(ATF) Economic events
Investor optimism this week will be capped by the surging coronavirus infection spread in many countries -- India, Japan, Thailand -– where it has staged a comeback. India in particular was seen as a big reopening trade with a 10%-plus economic rebound, but the record surge in daily infections saw the rupee sliding 2.7% against the dollar in April, a month when the greenback itself was weak. Indian stocks have logged a third week of losses and bad loan fears are mounting. Crude prices are also sliding as India is the world’s third biggest oil consumer.
But fundamentally the market is on a strong footing with a solid earnings reporting season and a sustained recovery in the world’s biggest economy. Of the 303 companies in the S&P 500 that have reported so far, 87.1% have topped analysts' earnings estimates.
Data on Friday showed US consumer spending rebounded in March amid a surge in income as households received additional Covid-19 pandemic relief money from the government.
The week ahead will see investors monitoring a swathe of manufacturing and services PMIs around the globe. Several economies will report trade data, retail sales and GDP updates. Interest rate decisions will be awaited from UK, Australia, Malaysia and Thailand. But the major economic event for the week will be Friday’s US jobs report where strong hiring is anticipated with the consensus for another bumper 925,000 gain in April to add to the 913,000 surge seen in March. The unemployment rate is also forecast to edge lower to 5.8% from 6.0%.
“Although 14 million jobs had been regained over the past year, the total payroll count in March remained some 8.4 million lower than its pre-Covid peak, highlighting how the labour market recovery has much further to go,” Chris Williamson and Jingyi Pan, economists at IHS Markit, said.
China will report a clutch of economic data and economists forecast moderating exports, strong imports and valuation-led gains in foreign currency reserves.
Barclays forecasts China’s export growth to ease to 25% year-on-year in April from around 30% in March with import growth rising to ~40% year-on-year versus 38% in March on recovering domestic demand and rising commodity prices. They forecast foreign currency reserves to rise by US$30 billion to $3.2 trillion in April largely due to positive valuation effects from a stronger euro and Japanese yen.
Investors piled into US liquidity funds in the week to April 28 as investors waited on a slew of key earnings reports, the conclusion of the US Federal Reserve’s latest policy meeting and US President Joe Biden’s address to both Houses of Congress.
The week saw earnings reports from technology bellwethers Alphabet, Amazon, Apple, Facebook and Microsoft and some of the numbers pushed US indexes to record highs. The five companies combined account for about 22% of the S&P 500's market capitalisation.
“While largely marking time, investors did stick to their recent game plan of buying exposure to global and US growth, taking out insurance against higher inflation, greening their portfolios and keeping cash on hand,” EPFR’s director of research Cameron Brandt said.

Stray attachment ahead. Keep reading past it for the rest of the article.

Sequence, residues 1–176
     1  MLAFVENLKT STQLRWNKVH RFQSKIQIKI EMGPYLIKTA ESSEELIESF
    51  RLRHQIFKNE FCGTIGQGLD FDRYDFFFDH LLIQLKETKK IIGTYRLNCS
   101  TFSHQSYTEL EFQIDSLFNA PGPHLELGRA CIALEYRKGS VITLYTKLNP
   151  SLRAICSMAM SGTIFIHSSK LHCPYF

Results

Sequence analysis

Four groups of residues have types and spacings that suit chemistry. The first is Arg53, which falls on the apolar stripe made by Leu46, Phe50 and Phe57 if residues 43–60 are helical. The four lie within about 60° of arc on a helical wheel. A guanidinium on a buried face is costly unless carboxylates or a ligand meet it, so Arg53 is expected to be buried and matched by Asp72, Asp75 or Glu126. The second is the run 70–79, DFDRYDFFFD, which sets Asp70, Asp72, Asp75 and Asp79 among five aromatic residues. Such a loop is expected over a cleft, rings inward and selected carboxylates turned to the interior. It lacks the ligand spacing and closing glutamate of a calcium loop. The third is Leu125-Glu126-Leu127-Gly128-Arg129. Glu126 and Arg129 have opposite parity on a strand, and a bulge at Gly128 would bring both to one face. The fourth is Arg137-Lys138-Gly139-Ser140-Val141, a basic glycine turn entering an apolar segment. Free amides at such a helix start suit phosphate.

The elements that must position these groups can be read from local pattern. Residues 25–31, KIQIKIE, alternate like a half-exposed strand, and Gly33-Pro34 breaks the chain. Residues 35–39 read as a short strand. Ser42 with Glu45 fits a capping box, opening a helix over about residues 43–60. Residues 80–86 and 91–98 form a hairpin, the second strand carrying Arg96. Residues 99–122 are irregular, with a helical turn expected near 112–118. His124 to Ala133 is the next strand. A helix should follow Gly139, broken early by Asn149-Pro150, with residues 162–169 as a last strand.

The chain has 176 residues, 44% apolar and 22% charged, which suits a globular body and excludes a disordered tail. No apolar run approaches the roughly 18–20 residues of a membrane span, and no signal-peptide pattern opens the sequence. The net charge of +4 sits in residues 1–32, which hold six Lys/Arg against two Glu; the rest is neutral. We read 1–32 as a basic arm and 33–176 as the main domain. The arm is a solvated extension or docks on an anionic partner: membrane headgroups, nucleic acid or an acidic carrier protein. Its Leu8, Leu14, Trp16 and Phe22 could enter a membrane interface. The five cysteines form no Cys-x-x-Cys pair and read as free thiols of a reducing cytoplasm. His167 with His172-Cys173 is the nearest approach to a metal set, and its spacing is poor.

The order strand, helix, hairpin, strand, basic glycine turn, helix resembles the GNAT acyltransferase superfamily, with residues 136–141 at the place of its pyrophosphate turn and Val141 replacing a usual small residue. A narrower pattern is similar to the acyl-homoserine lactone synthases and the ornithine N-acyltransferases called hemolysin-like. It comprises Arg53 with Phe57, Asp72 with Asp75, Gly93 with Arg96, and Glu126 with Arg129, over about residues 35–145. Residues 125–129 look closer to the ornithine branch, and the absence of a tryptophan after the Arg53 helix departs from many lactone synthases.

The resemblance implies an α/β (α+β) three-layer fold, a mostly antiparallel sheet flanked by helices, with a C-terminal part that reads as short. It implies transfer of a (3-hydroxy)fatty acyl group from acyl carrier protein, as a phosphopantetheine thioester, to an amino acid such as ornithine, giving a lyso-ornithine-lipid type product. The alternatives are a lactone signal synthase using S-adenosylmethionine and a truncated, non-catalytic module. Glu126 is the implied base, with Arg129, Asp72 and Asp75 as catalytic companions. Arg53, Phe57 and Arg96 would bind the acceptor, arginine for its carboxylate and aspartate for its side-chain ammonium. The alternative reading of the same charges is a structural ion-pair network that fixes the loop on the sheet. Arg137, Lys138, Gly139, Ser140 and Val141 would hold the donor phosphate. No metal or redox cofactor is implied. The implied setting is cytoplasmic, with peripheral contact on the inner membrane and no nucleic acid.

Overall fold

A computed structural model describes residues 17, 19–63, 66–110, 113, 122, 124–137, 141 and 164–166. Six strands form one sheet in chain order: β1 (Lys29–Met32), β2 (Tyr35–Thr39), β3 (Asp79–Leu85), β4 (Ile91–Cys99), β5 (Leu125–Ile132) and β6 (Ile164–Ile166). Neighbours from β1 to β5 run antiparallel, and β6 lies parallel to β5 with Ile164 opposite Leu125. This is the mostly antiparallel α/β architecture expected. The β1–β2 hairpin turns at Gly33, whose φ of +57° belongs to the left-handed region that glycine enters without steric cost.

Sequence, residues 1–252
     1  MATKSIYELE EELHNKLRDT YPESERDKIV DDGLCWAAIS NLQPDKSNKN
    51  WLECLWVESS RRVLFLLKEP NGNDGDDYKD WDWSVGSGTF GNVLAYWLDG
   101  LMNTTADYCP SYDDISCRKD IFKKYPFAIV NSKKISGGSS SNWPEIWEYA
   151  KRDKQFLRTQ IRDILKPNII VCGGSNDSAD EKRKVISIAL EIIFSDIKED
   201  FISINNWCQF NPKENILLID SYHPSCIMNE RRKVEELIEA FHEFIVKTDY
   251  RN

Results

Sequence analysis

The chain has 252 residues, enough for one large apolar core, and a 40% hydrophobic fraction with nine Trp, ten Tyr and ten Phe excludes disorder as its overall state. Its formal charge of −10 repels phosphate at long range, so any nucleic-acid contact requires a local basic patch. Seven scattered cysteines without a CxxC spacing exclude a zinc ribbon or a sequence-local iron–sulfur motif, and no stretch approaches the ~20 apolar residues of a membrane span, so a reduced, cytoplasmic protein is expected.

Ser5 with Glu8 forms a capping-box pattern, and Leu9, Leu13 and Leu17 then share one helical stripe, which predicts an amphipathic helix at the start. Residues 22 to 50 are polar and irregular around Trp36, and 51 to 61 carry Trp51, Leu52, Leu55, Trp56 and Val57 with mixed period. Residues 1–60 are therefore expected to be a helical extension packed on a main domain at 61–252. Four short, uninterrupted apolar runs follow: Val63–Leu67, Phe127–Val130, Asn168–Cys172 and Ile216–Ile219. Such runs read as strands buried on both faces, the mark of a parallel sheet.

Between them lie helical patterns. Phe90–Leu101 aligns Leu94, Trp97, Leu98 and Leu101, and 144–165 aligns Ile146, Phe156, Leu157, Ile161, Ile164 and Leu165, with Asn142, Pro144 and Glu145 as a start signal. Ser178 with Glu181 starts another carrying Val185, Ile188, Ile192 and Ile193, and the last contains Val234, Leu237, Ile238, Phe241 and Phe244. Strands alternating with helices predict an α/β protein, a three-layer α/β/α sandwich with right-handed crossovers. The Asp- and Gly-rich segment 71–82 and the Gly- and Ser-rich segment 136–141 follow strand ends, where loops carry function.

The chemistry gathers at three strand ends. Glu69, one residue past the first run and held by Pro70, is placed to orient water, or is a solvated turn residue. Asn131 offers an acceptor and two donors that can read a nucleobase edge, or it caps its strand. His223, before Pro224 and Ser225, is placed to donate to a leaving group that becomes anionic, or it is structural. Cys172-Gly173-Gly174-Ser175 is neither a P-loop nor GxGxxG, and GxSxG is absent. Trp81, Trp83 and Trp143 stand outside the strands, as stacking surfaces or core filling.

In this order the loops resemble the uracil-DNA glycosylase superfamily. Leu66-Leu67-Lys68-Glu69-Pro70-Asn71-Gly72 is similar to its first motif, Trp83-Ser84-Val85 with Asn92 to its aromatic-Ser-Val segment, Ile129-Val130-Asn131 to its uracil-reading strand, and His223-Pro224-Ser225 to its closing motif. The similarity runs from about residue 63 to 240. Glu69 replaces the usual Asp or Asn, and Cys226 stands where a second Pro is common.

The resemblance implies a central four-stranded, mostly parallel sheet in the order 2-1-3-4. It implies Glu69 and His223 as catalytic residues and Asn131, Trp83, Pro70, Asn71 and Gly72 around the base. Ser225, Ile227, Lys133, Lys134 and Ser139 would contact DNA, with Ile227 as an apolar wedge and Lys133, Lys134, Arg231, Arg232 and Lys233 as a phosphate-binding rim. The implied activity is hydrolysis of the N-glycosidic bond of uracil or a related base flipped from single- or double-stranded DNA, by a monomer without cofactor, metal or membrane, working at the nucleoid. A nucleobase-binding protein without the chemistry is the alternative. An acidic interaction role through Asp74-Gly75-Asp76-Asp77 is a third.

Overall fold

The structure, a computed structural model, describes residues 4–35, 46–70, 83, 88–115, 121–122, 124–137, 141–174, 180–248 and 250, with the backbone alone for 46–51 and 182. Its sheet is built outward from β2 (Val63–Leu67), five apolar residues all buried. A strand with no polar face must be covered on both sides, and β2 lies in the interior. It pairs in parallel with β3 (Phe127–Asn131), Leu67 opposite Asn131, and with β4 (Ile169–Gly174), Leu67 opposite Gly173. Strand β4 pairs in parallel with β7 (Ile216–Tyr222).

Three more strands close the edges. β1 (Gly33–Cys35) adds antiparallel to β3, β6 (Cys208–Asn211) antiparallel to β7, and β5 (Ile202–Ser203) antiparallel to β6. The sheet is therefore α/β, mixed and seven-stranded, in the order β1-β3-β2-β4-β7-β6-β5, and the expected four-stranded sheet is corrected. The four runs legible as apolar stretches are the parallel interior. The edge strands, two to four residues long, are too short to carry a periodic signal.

US Equity Funds posted their 11th inflow in the past 12 weeks; Global Equity Funds extended their longest inflow streak since 2017, while combined year-to-date flows into Equity and Bond Funds with socially responsible (SRI) or environmental, social and governance (ESG) mandates moved north of the $150 billion mark and Inflation Protected Bond Funds chalked up their 23rd consecutive inflow.
Money Market Funds pulled in $57.3 billion as they chalked up their eighth collective inflow in the last 10 weeks.
Emerging Markets Equity Funds posted consecutive weekly outflows for the first time in eight months as investors were influenced by China’s talk of policy normalisation and India’s out-of-control pandemic, while US vaccination rates surged and massive stimulus spending plans saw flows move to the world’s biggest economy.
US Equity Funds attracted fresh money for the 11th time in the past 12 weeks, and fresh money piled into Europe Equity Funds for the third straight week, their longest such run since early 3Q20 as the vaccine rollout gathered pace.
But Japan Equity Funds saw a seven-week run of inflows come to an end during a week when global attention was firmly on US fiscal and monetary policymakers and India’s daily pandemic numbers. The world’s third largest economy is also wrestling with another spike in Covid-19 that is complicating plans for hosting the summer Olympic Games.
Although China Bond Funds extended an inflow streak stretching back exactly a year, there was a loss of momentum on concerns around policy normalisation and the way foreign investors are treated in some impending bankruptcy cases.
“Equity funds have been the main beneficiary of this sentiment shift, recording healthy inflows the past two weeks,” Ioannis Angelakis, Barnaby Martin and Elyas Galou, strategists at BofA Securities, said. “The progressive lifting of economic restrictions, a stronger macro backdrop and rising inflation expectations should benefit beta assets. In this context, higher-yielding beta assets such as HYs should outperform IGs, we think.”
Economic data calendar